The Unfolding Binance Situation in Nigeria by Ismail Babalola

First, this escape of the Binance executive is sadly quite embarrassing for Nigeria, and the Government has a responsibility to thoroughly investigate it and ensure that the persons into whose care the escapee was entrusted are punished to the fullest extent of the law.

For this reason, the ONSA statement about the arrest of the responsible persons is most welcome. The promptness of the statement is also a commendable move along the lines of utmost transparency and openness.

What has happened has happened, and lessons must be learnt from it. Things like this happen, even in the best of climes. The former Head of Nissan escaped from Japanese custody, to Lebanon, in 2019, a very high-profile escape that embarrassed the Japanese Government greatly.

Former Governor of Bayelsa, Diepreye Alamieyeseigha famously escaped from the UK authorities in 2005, dressed as a woman, and while on a £1.25m bail bond, another equally embarrassing episode for that government. These things happen. The detained Binance executives in Nigeria were rightly held under a form of house arrest, not prison custody.

Looking on the brighter side for Nigeria, this escape does not significantly alter the trajectory of the case against Binance. The second official is still being lawfully held, and most importantly, the Government, through FIRS has formally filed charges of tax evasion.

The case has now fully shifted to the legal arena, and Nigeria will be seeking convictions on the 4-count charge leveled against Binance and the executives.

For me, the most important part of the ONSA statement is this paragraph: “Upon receiving this report, this office took immediate steps, in conjunction with relevant security agencies, MDAs, as well as the international community, to apprehend the suspect. Security agencies are working with Interpol for an international arrest warrant on the suspect.”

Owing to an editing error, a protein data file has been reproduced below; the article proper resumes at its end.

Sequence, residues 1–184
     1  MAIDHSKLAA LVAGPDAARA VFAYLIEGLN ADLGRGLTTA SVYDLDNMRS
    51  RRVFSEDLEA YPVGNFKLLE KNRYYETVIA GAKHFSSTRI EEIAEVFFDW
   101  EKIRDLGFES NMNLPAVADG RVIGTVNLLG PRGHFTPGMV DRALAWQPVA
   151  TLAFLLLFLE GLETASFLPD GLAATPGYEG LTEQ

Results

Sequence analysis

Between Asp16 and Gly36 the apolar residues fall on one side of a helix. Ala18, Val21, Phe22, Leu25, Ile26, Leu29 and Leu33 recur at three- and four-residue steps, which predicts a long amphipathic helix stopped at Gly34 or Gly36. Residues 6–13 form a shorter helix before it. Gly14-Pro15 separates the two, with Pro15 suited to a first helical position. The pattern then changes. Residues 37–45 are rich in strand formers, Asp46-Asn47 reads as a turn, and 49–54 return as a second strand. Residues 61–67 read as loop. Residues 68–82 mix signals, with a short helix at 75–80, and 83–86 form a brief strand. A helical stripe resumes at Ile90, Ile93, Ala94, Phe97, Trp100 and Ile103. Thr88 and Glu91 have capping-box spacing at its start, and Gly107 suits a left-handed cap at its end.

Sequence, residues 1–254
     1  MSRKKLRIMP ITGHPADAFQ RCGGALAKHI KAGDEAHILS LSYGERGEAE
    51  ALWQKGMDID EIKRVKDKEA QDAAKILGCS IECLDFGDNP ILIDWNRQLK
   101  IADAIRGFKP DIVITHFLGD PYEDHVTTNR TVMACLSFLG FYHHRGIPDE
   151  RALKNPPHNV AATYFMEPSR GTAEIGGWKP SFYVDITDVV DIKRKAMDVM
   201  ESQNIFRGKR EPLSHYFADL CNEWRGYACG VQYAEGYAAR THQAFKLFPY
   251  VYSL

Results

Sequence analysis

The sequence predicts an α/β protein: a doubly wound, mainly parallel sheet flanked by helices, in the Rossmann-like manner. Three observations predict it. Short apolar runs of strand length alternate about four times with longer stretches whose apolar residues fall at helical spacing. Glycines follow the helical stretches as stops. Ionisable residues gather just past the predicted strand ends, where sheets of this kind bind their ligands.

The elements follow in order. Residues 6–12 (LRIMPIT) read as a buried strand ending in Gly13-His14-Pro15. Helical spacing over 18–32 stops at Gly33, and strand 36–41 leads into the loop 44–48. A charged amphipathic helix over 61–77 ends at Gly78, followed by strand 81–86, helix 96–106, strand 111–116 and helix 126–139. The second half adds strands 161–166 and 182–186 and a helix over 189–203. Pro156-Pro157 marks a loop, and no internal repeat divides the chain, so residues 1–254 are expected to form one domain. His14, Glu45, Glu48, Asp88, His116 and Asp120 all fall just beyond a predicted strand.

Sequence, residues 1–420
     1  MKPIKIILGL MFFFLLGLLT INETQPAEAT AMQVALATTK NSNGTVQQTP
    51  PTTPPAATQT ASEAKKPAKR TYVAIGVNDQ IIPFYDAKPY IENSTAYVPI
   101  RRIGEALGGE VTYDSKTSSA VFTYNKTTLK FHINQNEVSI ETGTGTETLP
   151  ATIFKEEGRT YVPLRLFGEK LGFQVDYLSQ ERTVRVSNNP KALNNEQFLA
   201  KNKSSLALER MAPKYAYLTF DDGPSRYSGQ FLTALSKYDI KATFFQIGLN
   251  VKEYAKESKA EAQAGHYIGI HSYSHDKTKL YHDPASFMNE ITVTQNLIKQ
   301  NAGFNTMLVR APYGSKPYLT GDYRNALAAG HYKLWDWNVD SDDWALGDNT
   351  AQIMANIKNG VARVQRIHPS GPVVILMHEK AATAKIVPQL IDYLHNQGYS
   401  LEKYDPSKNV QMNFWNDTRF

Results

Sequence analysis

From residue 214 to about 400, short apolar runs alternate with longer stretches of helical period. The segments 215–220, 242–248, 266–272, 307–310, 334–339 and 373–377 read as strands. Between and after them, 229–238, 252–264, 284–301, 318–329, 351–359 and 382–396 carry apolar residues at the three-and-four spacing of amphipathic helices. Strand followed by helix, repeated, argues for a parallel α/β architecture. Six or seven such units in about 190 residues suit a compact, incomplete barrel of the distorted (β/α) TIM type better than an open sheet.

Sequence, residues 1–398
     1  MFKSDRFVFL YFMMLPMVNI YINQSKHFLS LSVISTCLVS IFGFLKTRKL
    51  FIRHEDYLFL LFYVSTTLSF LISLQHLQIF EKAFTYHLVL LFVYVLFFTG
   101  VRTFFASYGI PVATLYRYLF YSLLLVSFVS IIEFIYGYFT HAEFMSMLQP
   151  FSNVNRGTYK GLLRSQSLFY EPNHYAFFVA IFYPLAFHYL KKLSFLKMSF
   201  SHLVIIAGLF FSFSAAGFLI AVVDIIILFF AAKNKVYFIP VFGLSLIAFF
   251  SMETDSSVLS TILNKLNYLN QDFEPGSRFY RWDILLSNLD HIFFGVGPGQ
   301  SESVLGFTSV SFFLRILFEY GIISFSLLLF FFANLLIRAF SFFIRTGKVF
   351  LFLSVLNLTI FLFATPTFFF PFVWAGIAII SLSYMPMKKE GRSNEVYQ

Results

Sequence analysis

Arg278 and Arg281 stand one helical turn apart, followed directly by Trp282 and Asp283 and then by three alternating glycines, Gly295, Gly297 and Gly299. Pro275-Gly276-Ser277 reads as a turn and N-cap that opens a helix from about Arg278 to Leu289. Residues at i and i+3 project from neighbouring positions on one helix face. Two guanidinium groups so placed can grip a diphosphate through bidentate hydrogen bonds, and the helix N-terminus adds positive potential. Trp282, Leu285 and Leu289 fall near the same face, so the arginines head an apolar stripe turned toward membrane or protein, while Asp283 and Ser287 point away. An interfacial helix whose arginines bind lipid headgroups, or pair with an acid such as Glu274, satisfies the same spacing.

All hope is not lost. The Nigerian Government’s custody of the Binance executives is a lawful one, backed by a subsisting Court Order. On top of this, formal tax evasion charges have been filed by the FIRS, as Nigerian tax laws have clearly been violated by Binance. INTERPOL will be involved – and it seems like the escapee has simply complicated his situation, by turning himself into an international fugitive. On top of tax evasion, the escapee has now roped himself into fugitive activity.

So, while the news of the escape has not exactly covered Nigeria in glory – just like Japan and Nissan’s Carlos Ghosn in 2019 – things are looking even worse for Binance and its fugitive executive.

It is also a very good opportunity to see where the international community stands on this matter? Their noise about fighting corruption and building institutions – now is the time to see whether it’s lip service or not? Will they take the side of the Federal Republic of Nigeria, or the side of a cryptocurrency exchange that has a global reputation for violating laws and regulations, and was recently hit with the biggest fine – $4.3 Billion – ever issued by the United States Treasury?

I am watching this – in the words of Fayose – with the keenness of a bat. Nigeria can still come out on top of this setback.

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